Bustle's Rule Breakers Issue Is About Defying Expectations — And What's Possible When You Do

by Kate Ward
Photo credit: Jasper Soloff

If you asked me to name five adjectives that describe myself, “rule-breaking” would hardly top the list. (Those five adjectives would be “friendly,” “driven,” “loyal,” “hungry,” and “really hungry," in case you were curious.) But as I delved into the list of our 29 Rule Breakers of 2018 while preparing for Bustle’s September digital issue, I began to realize I had more in common with them than I thought. In fact, all of the women who make up Bustle Digital Group do.

Prior to my time at Bustle, I associated “rule-breaking” with bad — or, rather, improper — behavior. When I was a child, breaking the rules meant talking out of turn. When I was an insecure and meticulously rule-following teenager, breaking the rules meant intentionally going stag to prom. When I hit adulthood, breaking the rules meant refusing to sit inside society’s lines, no matter how imperfectly they’re drawn — most of us have been judged at one point or another for not being married by 28, not being a size two, not ordering the garden salad in favor of the three-layer cheesy nachos (or for ordering the salad instead of the nachos — no way to win that one). From a young age, women are taught in ways explicit and less overt that it is their job to follow the rules — to be quiet, to attract but not seek the affection of men, and to put others first, or else face the consequences.

These rules mostly serve one purpose: To control women’s choices and lives in a country steeped in sexism and misogyny, and tell them it’s for their own safety.

Some rules we follow for our own wellbeing, of course — it makes sense to slow down at a yellow light and to save for retirement. (Also, invest!) But we are not talking about those rules. We are talking about the powerful, usually unspoken set of social requirements attached to womanhood. These rules mostly serve one purpose: To control women’s choices and lives in a country steeped in sexism and misogyny, and tell them it’s for their own safety. It’s dangerous, we are taught, to be a woman who decides not to have children. To be a woman who enjoys her sexuality. To be a woman who openly challenges those in power. To be a woman who says, “I’m really good at this.” To be a woman who wants money, and lots of it.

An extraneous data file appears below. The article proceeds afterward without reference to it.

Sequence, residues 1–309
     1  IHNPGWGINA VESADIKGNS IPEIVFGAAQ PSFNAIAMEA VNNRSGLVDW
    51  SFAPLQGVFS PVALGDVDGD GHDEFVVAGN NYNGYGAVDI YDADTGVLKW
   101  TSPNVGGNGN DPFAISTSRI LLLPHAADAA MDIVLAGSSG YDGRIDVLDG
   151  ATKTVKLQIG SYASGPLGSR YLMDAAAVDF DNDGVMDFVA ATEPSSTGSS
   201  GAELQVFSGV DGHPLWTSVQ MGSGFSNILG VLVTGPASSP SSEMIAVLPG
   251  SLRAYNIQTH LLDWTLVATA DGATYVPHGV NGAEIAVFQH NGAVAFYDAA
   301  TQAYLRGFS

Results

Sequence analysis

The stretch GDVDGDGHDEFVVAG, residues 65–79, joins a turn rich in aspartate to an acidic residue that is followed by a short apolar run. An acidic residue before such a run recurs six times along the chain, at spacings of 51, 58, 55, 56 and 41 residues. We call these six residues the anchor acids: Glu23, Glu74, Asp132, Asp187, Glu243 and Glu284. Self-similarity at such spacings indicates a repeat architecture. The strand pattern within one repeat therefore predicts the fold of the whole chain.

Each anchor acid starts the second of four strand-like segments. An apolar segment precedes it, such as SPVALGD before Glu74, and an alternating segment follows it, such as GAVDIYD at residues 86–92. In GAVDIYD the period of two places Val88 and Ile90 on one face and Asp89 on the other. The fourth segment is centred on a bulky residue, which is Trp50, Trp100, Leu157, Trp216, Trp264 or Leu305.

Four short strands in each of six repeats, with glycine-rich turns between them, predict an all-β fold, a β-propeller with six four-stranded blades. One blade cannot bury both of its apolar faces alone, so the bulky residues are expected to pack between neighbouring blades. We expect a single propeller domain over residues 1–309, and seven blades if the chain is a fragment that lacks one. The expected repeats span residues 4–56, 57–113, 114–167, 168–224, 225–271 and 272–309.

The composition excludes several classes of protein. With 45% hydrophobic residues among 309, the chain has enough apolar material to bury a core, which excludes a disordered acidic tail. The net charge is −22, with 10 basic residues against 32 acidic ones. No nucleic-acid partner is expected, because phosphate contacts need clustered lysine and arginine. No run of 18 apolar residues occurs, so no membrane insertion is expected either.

Luckily, at Bustle Digital Group, we get to create our own safety. What we have built at Bustle is a company led by women who are dedicated to talking out of turn, refusing to stay silent when convention would normally demand it. Our Editorial team — 97 percent of whom are women — have spent five years speaking up for themselves and marginalized individuals, battling tradition and far too many trolls along the way. In the face of a not insignificant amount of naysaying, the women of Bustle — some of them pictured above — have spent five years listening and magnifying the voices of other women as we join in the often exhausting push for true gender equality. And what has resulted from these efforts is the ultimate victory against a society that still, as a rule, would prefer that women stay silent: a group of women who have worked collectively, collaboratively, and successfully to generate a community 80 million readers strong.

Clothes: Oscar de la Renta. Photo credit: Jasper Soloff

And with Bustle’s Rule Breakers issue, you’ll see that our community is only growing stronger. Along with the rule breakers who roam Bustle Digital Group’s hallways every day, this month, we’re celebrating those who refuse to yield in their quest to make the world better for women and anyone who is marginalized. That starts with our cover star, Janelle Monáe, who is proof that non-conformity is as impactful as it is beautiful, and continues with our list of 29 Rule Breakers from various backgrounds. They include Rachael Denhollander, the former gymnast whose revelations to The Indianapolis Star ultimately brought down Larry Nassar, and Marisa Kwiatkowski, the journalist who first interviewed her about his crimes; Chavonna (Bang) Rhodes, a tattoo artist representing women of color in an industry previously closed to them; Cass Bliss, the activist and educator who has pioneered non-binary conversations around menstruation; Jessica Knoll, the acclaimed novelist who dared to claim publicly that she is in this to sell books, not just to write them; and Dre Thomas, our reader pick, whose organization Smile On Me brings low-income girls the dignity and fun of personal hygiene items that are their very own.

Our Rule Breakers have helped us realize that the most restrictive rules in our lives truly were made to be broken

In this issue, you’ll also find a list of our Rule Breakers’ favorite products, the books that inspire them to continue the fight, and a playlist of the anthems that keep them going. Click on to also read about women who challenge workplace dress codes, how television has defied convention throughout history, the life choice that is still the ultimate rule-breaking move, and an ode to a food group we have all needlessly and egregiously been taught to fear: the sacred carb.

While we still slow down at yellow lights, meet our deadlines, and pay our bills (you know who gets things done in this world), our Rule Breakers have helped us realize that the most restrictive rules in our lives truly were made to be broken. At Bustle Digital Group, we will continue to be tough, voracious, and very, very loud — everything we’re not "supposed" to be. I could not be prouder to call those women my co-workers. I know I’m not supposed to brag, but, hey, turns out I’m a Rule Breaker.

-Kate Ward, Editor-In-Chief, Bustle Digital Group